Not a bad first quarter, right? Optimism was high and all signs point to better times ahead. So, what does this mean to you and your dealership? Well, it would be easy to adopt a laissez-faire approach and let traffic and brand interest determine your sales fate. But we all know that's not an option.
Still, after all your hard work through the lean years, I wouldn't blame you for relying on attractive incentives, robust manufacturer advertising and good luck. But just in case your the proactive type, I thought I'd list out three key business drivers that can help improve your odds as the key summer selling season approaches.
1. Database Marketing Strategy: Yeah, you've heard it before, you've probably tried it, and you may have had some success. Well, I'm here to tell you that there is a big difference between knowing something and actually executing on it.
See, in order to mine that gold stored on your DMS, you need a strategy and process that goes beyond the basics. So, to get you on the right path, here are three questions to consider and answer before you draw up those plans:
Question 1: What type of database marketing are you doing now? Your strategy should cover letters, phone calls and e-mails based on the customer information you can pull from your database. This will allow you to take immediate action once you've identified a prospect.
Question 2: Are you using finance data to target buyers? A great way to create a better prospect is to use better information. So, instead of sending out generic trade-in, trade-up, trade-out letters, use your data to determine which customers are in a positive equity position. This will not only allow you to improve the value proposition you're offering, it will create a stronger call to action for the customer.
Question 3: What's your strategy for marketing to your lease portfolio? Many dealerships look at their lease maturity list on a rolling, 30-day basis. Unfortunately, that leaves them vulnerable to customers trading out their vehicle before they can be reached. Getting an early start isn't always the right answer either.
The problem I see with most 30-day plans is they start and end with asking the customer what they plan to do with their vehicle. That's why I recommend a 90-day strategy that revolves around a pre-inspection appointment? Customers will see more value and may respond better because they don't feel like they're being sold. You can then escalate the urgency of them making a decision on their vehicle as they get closer to lease end.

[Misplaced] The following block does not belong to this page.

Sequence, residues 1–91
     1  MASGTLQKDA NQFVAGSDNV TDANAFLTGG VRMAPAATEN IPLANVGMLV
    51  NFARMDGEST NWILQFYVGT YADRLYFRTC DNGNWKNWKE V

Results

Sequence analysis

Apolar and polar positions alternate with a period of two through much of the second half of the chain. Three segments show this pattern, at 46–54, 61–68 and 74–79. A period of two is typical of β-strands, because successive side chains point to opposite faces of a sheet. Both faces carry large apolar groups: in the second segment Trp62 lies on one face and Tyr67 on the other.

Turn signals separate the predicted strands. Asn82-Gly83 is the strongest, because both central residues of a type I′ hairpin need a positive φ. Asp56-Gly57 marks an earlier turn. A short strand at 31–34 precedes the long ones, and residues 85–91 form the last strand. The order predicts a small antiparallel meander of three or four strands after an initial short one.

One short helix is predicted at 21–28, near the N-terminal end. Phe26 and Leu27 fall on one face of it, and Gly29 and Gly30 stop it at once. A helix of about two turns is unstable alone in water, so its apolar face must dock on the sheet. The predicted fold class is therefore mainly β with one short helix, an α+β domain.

2. Social Media Strategy: It's not just a buzz word, folks. In fact, what you really need to be doing right now is determining how big of an investment you need to make to grow your social-media footprint, because they don't grow overnight.
Yes, listening to and engaging your customers are the major benefits of social media, but they're not the only reason you need to get social. I look at social media as an opportunity to stay connected with customers throughout the ownership cycle, influence the content they absorb, and dramatically reduce dealer defection.
3. Digital Marketing Strategy: Traditionally, we think of digital marketing as pay-per-click advertising or search engine optimization. The reality is there is so much more to consider. You must decide whether your current strategy is really working before you dump more money into a failing plan.
To do that, determine which areas on your website are attracting the most eyes and which buttons visitors are hovering over the most, and for how long. These types of insights should be major considerations when it comes times to redesign or refresh your site's design. Remember, the name of the game is lead generation.
I also recommend looking into Internet remarketing, which is a way to track all those customers who came to your site, looked around and left without taking action. And with this knowledge, you'll be able remarket your sites and products to them continuously as they surf the Internet. If you want to learn more about this, shoot me an e-mail.
Database management, social media, and digital marketing are key ingredients to a successful marketing mix. The secret is to have a strategy that creates harmony and not chaos. Too often in our business, important initiatives are treated like checklist items. Social media is one box you can't just check off and move on. You have to plug these strategies together, track, test, modify and hold all parties accountable.